When researching FDI destinations, a skilled workforce must be one of the more desirable criteria for investors. And while the US offers good market potential, some investors find that quality skills are often lacking in the local workforce.

Executives of overseas companies with operations in the US mirror this point. “One of the biggest problems in the US is a lack of skilled workforce,” says Caroll H Neubauer, chairman and chief executive of Pennsylvania-headquartered B Braun Medical, part of Germany’s B Braun Melsungen.  

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Raising standards

Guenther Scherelis, the spokesman for Volkswagen Group of America Chattanooga, says Volkswagen found that Chattanooga, Tennessee, offered ample workers, but not with skilled automotive experience. Consequently, as part of its decision to invest $1m in a US car production facility in Chattanooga in 2008, the German carmaker also imported 200 experts to educate its US employees to German standards.

A huge problem is how educational standards in the US vary across the country. In many cases employers tend to train workers with specific skills and students tend to pursue higher education because they believe a Bachelor’s or Master’s degree promises guaranteed employment and high earnings potential. Germany, on the other hand, has a strong tradition of apprenticeships and vocational schools with no ‘blue collar’ stigma attached to vocational training.

“If you hire an engineer from Hamburg or Bavaria, you get someone with the same education and certification,” says Mr Neubauer. “In the US, you never know what you will get.”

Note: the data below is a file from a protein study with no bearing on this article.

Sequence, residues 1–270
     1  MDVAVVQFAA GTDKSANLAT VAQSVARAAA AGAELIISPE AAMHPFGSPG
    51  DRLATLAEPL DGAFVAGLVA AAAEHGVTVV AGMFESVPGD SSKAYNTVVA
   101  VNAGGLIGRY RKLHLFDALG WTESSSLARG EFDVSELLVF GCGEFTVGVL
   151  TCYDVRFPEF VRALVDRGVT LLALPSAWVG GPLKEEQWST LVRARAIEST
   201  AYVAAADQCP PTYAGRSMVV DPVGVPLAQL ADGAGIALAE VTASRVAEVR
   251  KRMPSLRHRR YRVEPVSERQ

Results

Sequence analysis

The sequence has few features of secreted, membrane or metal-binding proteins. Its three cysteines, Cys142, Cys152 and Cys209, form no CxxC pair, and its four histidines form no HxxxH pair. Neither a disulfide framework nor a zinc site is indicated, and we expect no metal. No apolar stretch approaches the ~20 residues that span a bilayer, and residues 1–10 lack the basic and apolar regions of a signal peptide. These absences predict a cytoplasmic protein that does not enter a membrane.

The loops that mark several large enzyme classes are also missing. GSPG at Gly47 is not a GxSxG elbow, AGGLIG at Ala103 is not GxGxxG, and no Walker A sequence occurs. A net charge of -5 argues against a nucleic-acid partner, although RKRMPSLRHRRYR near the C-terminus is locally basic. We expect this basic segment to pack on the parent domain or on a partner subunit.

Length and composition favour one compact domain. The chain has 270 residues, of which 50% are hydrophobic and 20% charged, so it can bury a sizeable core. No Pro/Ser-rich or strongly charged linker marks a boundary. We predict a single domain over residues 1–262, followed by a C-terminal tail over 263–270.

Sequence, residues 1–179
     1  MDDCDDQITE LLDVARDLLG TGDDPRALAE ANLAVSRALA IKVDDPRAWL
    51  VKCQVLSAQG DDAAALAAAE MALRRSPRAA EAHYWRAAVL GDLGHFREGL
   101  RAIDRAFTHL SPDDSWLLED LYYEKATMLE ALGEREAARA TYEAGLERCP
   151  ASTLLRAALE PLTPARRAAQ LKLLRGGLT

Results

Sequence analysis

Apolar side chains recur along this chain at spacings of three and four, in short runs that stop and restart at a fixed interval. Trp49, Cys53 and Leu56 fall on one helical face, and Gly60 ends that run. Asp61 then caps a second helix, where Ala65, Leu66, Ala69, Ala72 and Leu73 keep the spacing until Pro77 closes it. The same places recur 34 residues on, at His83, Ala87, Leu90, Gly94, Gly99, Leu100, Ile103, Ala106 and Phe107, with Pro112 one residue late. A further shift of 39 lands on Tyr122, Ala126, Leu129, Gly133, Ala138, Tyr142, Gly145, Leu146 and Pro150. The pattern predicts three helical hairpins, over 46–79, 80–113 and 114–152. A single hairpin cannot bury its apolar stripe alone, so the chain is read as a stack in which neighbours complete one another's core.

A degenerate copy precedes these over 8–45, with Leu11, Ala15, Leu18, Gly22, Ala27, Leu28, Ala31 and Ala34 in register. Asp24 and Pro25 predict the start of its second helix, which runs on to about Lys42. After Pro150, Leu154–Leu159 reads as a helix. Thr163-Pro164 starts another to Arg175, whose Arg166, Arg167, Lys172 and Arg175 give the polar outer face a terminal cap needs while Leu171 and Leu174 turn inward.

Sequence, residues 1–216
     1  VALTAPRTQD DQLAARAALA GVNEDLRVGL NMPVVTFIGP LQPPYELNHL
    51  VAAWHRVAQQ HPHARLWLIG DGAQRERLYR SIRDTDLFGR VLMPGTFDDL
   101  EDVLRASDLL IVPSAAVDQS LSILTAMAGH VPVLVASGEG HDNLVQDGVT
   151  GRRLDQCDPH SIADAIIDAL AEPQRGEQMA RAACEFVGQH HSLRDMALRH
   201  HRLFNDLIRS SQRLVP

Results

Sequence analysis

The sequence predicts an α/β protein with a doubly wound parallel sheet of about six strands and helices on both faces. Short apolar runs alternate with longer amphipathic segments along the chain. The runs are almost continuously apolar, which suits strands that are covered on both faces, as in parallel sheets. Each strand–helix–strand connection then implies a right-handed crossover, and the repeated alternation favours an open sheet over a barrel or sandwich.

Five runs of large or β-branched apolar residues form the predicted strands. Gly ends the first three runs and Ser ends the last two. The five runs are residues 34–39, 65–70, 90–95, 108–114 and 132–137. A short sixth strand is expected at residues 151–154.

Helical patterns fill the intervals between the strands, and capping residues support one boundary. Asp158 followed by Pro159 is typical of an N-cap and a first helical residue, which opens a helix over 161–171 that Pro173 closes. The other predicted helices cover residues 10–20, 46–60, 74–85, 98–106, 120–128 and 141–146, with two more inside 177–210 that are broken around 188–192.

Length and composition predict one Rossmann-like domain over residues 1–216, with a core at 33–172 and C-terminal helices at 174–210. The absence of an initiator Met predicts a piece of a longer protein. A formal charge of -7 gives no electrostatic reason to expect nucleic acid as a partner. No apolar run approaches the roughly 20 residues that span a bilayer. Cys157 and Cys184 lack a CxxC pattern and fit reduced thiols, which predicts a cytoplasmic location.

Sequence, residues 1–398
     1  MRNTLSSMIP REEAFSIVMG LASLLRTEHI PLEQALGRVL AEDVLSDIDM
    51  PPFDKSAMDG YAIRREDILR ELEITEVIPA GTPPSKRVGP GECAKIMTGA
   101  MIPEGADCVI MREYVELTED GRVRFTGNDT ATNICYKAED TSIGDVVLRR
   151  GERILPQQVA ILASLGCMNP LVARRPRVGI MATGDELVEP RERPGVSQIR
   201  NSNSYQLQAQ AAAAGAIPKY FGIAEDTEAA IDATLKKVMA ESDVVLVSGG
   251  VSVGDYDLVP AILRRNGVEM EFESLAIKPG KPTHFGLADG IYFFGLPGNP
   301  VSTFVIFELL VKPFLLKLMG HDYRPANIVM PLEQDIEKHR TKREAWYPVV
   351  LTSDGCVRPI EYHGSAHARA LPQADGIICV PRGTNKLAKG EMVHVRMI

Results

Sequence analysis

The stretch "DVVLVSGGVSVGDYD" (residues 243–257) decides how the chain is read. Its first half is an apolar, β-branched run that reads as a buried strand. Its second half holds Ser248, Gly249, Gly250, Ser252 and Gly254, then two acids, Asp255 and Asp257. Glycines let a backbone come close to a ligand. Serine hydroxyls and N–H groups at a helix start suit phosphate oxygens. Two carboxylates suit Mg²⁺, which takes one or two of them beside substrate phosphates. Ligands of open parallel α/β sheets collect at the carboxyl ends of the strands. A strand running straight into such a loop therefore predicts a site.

Desirable skills

Most lacking in the US are workers with science, technology, engineering and maths (STEM) skills, and these are the skills that companies want the most. In fact, an informal poll conducted by the German American Chambers of Commerce among German subsidiaries found that 82% of respondents reported difficulties in finding employees with STEM skills. Furthermore, the poll found that 93% of companies rely on in-house training to bring their employees up to speed, 43% have developed some form of partnership with a local college or university and 22% have established an in-house training facility.

Take, for example, Munich-based engineering firm Siemens, which, together with other German subsidiaries in North Carolina, has teamed up with Central Piedmont Community College to create a four-year mechantronics programme. In Alabama, Mercedes-Benz has joined forces with Tuscaloosa City Schools to form the Workforce Development Academy that enrols school graduates in a two-year apprenticeship with Mercedes and Shelton State Community College.

Volkswagen has been successful with its Chattanooga Training Academy. “We started a programme to educate specialists, especially the mid-tech workforce. Although there were some problems in the beginning, we now educate 20 to 40 people each year, and 2013 will be the first year we will graduate workers with skills that meet German standards,” says Mr Scherelis.

Bridging the gap

To help bridge the gap, a skills initiative was launched last year by Peter Ammon, German ambassador to the US, to boost co-operation in workforce training between the two countries. The initiative involves an exchange of best practices among US states, German companies in the US, and education and training facilities. Already, workshops and talks have been held in several states, including Ohio and North Carolina. More are in the pipeline.

Economic development agencies across the US also work with inward investors by setting up dedicated training centres. The Louisiana Economic Development (LED) office, for example, offers its LED FastStart programme and has set up centres for Benteler, a German steel company that recently expanded in the state, as well as Sasol, the South African oil company that has announced a $21bn investment in Louisiana.

“We are helping Sasol write its standard operating procedures and training manuals to help train its employees,” says Jeff Lynn, head of LED FastStart.